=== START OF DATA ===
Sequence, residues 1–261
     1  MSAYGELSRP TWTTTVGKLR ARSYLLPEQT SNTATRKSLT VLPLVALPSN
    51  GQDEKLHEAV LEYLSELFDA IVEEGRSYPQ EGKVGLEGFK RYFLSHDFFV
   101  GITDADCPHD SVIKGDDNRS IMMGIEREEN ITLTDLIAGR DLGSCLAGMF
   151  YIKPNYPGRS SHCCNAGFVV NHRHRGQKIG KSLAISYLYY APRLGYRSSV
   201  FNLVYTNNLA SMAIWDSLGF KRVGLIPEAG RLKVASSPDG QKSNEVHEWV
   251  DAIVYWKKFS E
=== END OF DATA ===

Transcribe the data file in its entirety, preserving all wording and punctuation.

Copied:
Sequence, residues 1–261
     1  MSAYGELSRP TWTTTVGKLR ARSYLLPEQT SNTATRKSLT VLPLVALPSN
    51  GQDEKLHEAV LEYLSELFDA IVEEGRSYPQ EGKVGLEGFK RYFLSHDFFV
   101  GITDADCPHD SVIKGDDNRS IMMGIEREEN ITLTDLIAGR DLGSCLAGMF
   151  YIKPNYPGRS SHCCNAGFVV NHRHRGQKIG KSLAISYLYY APRLGYRSSV
   201  FNLVYTNNLA SMAIWDSLGF KRVGLIPEAG RLKVASSPDG QKSNEVHEWV
   251  DAIVYWKKFS E